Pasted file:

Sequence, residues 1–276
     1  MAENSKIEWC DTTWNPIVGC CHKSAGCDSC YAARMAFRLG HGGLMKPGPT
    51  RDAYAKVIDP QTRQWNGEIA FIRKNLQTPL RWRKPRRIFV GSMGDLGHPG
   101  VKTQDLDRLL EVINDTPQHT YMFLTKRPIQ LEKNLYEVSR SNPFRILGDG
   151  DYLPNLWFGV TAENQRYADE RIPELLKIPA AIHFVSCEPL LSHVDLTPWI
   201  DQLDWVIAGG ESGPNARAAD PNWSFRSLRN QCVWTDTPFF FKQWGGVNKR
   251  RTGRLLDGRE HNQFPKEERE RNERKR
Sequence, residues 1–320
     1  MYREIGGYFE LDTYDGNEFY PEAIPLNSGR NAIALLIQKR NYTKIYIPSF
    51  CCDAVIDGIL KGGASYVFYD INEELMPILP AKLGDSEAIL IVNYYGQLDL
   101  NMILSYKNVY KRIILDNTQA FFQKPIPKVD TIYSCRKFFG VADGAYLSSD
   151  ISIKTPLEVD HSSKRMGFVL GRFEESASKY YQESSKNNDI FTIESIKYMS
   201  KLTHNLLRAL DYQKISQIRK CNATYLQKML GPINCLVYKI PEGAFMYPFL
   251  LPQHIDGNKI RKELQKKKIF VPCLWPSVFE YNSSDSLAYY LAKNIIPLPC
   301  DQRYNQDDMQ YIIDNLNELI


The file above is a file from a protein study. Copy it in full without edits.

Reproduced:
Sequence, residues 1–276
     1  MAENSKIEWC DTTWNPIVGC CHKSAGCDSC YAARMAFRLG HGGLMKPGPT
    51  RDAYAKVIDP QTRQWNGEIA FIRKNLQTPL RWRKPRRIFV GSMGDLGHPG
   101  VKTQDLDRLL EVINDTPQHT YMFLTKRPIQ LEKNLYEVSR SNPFRILGDG
   151  DYLPNLWFGV TAENQRYADE RIPELLKIPA AIHFVSCEPL LSHVDLTPWI
   201  DQLDWVIAGG ESGPNARAAD PNWSFRSLRN QCVWTDTPFF FKQWGGVNKR
   251  RTGRLLDGRE HNQFPKEERE RNERKR
Sequence, residues 1–320
     1  MYREIGGYFE LDTYDGNEFY PEAIPLNSGR NAIALLIQKR NYTKIYIPSF
    51  CCDAVIDGIL KGGASYVFYD INEELMPILP AKLGDSEAIL IVNYYGQLDL
   101  NMILSYKNVY KRIILDNTQA FFQKPIPKVD TIYSCRKFFG VADGAYLSSD
   151  ISIKTPLEVD HSSKRMGFVL GRFEESASKY YQESSKNNDI FTIESIKYMS
   201  KLTHNLLRAL DYQKISQIRK CNATYLQKML GPINCLVYKI PEGAFMYPFL
   251  LPQHIDGNKI RKELQKKKIF VPCLWPSVFE YNSSDSLAYY LAKNIIPLPC
   301  DQRYNQDDMQ YIIDNLNELI